What is a "good book?"

Friday, October 27th, 2017

How do you define "a good book?"  Probably there are as many answers as there are readers!  Being able to work out exactly how someone else defines a good book is one of the most difficult and subtle arts of being a bookseller, but our booksellers are experts. 

It's how we select just the right book each month for every one of our Brilliant Books' Monthly Book Club subscribers.  Anyone can select a "good book" from the top of a bestseller list or the latest collection of prizewinners, but with Brilliant Books' Monthly Book Club, it's about selecting the right good book, and that takes knowledge and understanding, not only of books, but of people.  Our booksellers understand that no two readers are alike, and neither are their definitions of a good book!  Just look at our booksellers' own personal definitions:

Jodie: "I believe that the criteria for what makes a good book is a very personal choice.  For me, a good book needs to have great characterization; the characters need to feel real.  Even in science fiction and fantasy, I need to feel as if the characters have a real, vested interest in their world, even if they are fighting dragons.  I also really enjoy when an author take a well known trope and turns it on its head, or approaches it at an angle I have never seen before.  That's why I am such a big fan of James S. A. Corey's Expanse series, Patrick Rothfuss' The Name of the Wind, and anything by Benjamin Percy."

Sandi: "I'm looking for a story that hooks me in from the beginning and keeps me interested til the last sentence.  I want compelling characters that hold their own and aren't formulaic.  I love books that leave me knowing more about the world around me when I've finished and with a thirst to keep reading and discovering."

 

 

 

Kendall: "For me, a great book is something I connect with and walk away from with a different persepective of some kind.  Whether I have been exposed to another culture, mindset, or idea, a good book makes me think about some aspect of my life in a new way.  I'm also very intrigued by people and won't finish a book if I don't like the characters or can't relate to them.  I want to feel empathetic towards them, root for them, which is why I'm such a big fan of books like David Arnold's Mosquitoland, Patrick Ness' More Than This, and Andrew Smith's Winger."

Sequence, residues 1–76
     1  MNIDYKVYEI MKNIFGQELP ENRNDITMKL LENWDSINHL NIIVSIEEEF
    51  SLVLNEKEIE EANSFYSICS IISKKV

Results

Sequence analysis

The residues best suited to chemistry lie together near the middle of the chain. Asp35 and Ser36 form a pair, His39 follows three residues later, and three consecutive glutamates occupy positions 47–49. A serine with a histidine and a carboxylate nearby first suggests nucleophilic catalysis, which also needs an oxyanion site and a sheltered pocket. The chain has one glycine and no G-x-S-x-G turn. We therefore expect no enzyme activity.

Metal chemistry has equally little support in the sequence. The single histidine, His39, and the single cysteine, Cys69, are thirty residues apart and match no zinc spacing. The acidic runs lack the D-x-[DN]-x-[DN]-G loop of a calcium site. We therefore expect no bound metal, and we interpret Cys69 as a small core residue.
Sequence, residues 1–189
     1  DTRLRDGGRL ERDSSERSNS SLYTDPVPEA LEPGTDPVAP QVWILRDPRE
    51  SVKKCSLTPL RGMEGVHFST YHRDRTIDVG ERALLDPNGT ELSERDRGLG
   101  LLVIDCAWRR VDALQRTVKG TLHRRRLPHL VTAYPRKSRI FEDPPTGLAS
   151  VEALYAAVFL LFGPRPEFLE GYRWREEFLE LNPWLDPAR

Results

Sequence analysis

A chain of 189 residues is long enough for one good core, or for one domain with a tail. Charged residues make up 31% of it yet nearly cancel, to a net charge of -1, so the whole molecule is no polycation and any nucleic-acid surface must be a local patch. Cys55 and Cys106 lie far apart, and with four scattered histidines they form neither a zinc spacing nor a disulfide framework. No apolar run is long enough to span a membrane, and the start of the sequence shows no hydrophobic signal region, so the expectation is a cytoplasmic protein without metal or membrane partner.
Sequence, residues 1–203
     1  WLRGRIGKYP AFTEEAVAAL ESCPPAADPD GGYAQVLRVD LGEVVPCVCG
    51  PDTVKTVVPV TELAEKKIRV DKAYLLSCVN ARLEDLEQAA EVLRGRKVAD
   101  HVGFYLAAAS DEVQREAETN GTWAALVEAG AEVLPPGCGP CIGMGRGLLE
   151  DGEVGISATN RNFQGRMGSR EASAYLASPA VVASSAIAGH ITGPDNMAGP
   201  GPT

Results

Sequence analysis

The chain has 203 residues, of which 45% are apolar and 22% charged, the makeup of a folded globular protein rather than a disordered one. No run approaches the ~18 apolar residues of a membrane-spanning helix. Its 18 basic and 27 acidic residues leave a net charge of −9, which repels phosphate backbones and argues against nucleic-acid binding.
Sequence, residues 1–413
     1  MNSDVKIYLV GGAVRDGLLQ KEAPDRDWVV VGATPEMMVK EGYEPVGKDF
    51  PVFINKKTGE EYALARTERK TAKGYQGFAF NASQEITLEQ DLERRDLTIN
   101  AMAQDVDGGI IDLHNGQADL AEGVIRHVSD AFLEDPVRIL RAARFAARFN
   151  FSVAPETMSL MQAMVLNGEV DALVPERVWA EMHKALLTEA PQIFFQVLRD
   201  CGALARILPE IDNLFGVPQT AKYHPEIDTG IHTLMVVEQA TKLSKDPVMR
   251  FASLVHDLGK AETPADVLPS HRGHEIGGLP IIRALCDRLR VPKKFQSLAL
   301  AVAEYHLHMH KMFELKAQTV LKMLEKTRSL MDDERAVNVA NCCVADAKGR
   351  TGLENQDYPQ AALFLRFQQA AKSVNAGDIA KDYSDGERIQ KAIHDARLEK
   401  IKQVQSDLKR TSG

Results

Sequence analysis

Toni: "I have great admiration for books of many genres and for all ages, so it's challenging to define what sparks my passion as a reader.  I think it's the mysterious alchemy of words (and sometimes illustrations) on the page that reveal the unique sensibility of the author.  A particular brilliance, humor, humanity, or grace can be captured in a few sentences.  A beloved book is a cherished friend."

 

 

Andrew: "The most important factor to me when reading a book is whether or not the reality being presented feels like an authentic version of reality.  For that to be true, the setting has to be fully realized.  The characters take a back seat to the atmosphere, when it comes to my enjoyment, as I can accept any character as being plausible.  It's more important to me that the setting be rich enough to accomodate even the strangest characters.  Also, I really get into the narrative structure of a story."

 

Want our booksellers to find your next good book?  Subscribe to Brilliant Books' Monthly Book Club, and they'll hand pick a new book just for you each month.  If we miss the mark and send something that doesn't match your tastes, we'll replace it with something that does, at no extra cost!

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